If an epic summer holiday is on your to-do list, head to Europe for an unforgettable music, dance and creative art experience.
Festivals in Europe have become synonymous with summer, with tens of thousands making their pilgrimage to dance and music festivals across the continent.
August 2017 sees a lineup of some of the biggest names in the industry playing on elaborate stages set in picturesque European countrysides. Europe’s festivals go beyond that of music so festival goers can expect an eclectic mix of culture and arts all in the same place.
Or for something a little different, why not attend the biggest food fight in the world or take part in a festival honouring a wild mountain goat?
Whatever your fancy, we have you covered with our list of the best summer festivals this August and the flight deals to get you there.
Feature image: Untold Festival
READ MORE: European summer festivals in June
READ MORE: European summer festivals in July
READ MORE: European summer festivals in September
Top 10 European music festivals in August
Image source: Sziget Festival
1. Sziget Festival | 9-16 August 2017
Sziget is a must on every die-hard festival fan’s checklist. One of the largest festivals in Europe, you can expect an international lineup of the industry’s heavyweights. Held on a beautiful island in the Danube River in Budapest, Hungary tickets sell out every year as everything from electronic dance music (EDM) to hard rock is played on over 60 official stages. It’s much more than just good music – check out theatre shows, circus acts and art projects.
If you are looking to party to famous headliners and make friends from all over the world, you need to get your Sziget tickets stat.
Image source: Leeds Festival
2. Leeds/Reading Festivals | 25-27 August 2017
The Reading and Leeds festivals occur simultaneously over a long weekend in England. Both festivals feature rock, pop, indie, electronic and alternative music, with comedy acts, live stand up and beatboxing thrown in as well. The Reading site is older, more renowned and is held close to Reading town centre making it easily accessible.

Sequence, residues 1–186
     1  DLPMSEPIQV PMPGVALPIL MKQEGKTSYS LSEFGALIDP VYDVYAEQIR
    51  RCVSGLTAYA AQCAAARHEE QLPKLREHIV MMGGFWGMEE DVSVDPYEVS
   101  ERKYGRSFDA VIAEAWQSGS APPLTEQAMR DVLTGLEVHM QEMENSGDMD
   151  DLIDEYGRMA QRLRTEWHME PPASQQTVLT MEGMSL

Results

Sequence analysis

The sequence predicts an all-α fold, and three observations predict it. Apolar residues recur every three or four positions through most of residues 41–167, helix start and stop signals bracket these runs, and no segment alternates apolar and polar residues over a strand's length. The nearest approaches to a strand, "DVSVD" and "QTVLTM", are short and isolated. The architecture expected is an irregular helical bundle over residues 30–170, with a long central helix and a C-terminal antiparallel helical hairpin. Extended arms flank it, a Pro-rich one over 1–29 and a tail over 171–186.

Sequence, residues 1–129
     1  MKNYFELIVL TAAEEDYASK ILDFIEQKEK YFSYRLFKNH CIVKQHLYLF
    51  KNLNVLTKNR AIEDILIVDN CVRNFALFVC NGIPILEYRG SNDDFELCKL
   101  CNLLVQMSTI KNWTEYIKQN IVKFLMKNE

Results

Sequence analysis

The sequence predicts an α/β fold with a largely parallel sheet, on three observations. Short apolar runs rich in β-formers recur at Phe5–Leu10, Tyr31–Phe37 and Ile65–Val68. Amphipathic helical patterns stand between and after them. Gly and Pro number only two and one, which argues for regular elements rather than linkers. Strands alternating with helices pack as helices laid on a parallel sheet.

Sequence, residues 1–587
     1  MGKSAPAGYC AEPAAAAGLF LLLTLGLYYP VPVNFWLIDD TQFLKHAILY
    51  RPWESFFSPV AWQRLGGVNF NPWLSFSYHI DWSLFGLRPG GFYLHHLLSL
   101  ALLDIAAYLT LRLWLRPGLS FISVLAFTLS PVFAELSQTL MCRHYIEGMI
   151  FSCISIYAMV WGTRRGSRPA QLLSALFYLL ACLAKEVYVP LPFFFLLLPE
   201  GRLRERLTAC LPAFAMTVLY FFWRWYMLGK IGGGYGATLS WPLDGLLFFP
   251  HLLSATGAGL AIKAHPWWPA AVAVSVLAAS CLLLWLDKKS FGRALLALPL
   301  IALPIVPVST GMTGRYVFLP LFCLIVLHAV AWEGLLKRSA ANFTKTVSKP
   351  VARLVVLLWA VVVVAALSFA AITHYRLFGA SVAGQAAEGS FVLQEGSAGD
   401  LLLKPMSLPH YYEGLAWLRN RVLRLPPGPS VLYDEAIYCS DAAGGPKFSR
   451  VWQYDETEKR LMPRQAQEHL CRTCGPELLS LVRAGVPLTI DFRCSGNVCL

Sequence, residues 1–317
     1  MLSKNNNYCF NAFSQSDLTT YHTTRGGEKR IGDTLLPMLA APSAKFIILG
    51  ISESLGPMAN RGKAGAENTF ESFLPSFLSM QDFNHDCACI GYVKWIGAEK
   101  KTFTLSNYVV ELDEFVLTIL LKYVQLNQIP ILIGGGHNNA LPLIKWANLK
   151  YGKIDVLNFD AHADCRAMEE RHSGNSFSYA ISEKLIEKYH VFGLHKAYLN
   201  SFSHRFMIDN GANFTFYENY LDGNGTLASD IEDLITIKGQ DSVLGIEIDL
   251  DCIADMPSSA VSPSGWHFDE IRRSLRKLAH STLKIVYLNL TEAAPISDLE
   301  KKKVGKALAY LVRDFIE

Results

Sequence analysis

On the flipside, Leeds does have more ground to move around so you’ll truly get that festival atmosphere.
While both sport a very much a relaxed vibe, they aren’t very family friendly as after-parties that last until the next morning are standard at both.
This year's lineup features Kasabian, Two Door Cinema Club, Flume, Korn, Muse, Major Lazer and Fatboy Slim.
Image source: Rock en Seine Facebook
3. Rock en Seine | 25-27 August 2017
Since its inception in 2003, this three-day rock music festival has seen the likes of Arctic Monkeys, Foo Fighters and Oasis grace its stages. Set in a Parisian historical monument, festival goers rock out to big stars and new talents in rock, pop, electro and folk.
Unlike other rock festivals, this one caters to families well. It features a mini-rock concert for children 6-10 years old which is safely away from the adult crowd.
Image source: A Summer's Tale
4. A Summer’s Tale | TBA
If you are looking to experience something a little more than your typical festival, give A Summer’s Tale a whirl. This four-day event in Germany showcases a diverse lineup of musical acts and creative experiences amongst the beautiful backdrop of the German Luneburger Heide forest and alongside its enchanting Luhe river.
Packed full of fun activities for the whole family, festival goers can watch international bands and artists on the main stage, attend workshops and talks and even go on inventive culinary adventures here. For those of you seeking to make the most of your surroundings, canoeing, hiking and cycling are just a few activities available to help you further connect with nature.
Image source: Untold
5. Untold Festival | 30-6 August 2017
Untold is Europe’s newest dance music festival, having only staged its first edition in 2015. But this new contender has since evolved into a multi-genre superstar, even winning the title of Best Major Festival at the 2015 European Festival Awards.
Pumping out the best of EDM, pop and urban music from international and local artists, this city-centre festival in Romania will see 10 uniquely themed stages this year with a strong emphasis on Romanian culture. Confirmed acts include: Afrojack, Armin Van Buuren, Hardwell, Steve Aoki and Martin Garrix. This is the party of all parties.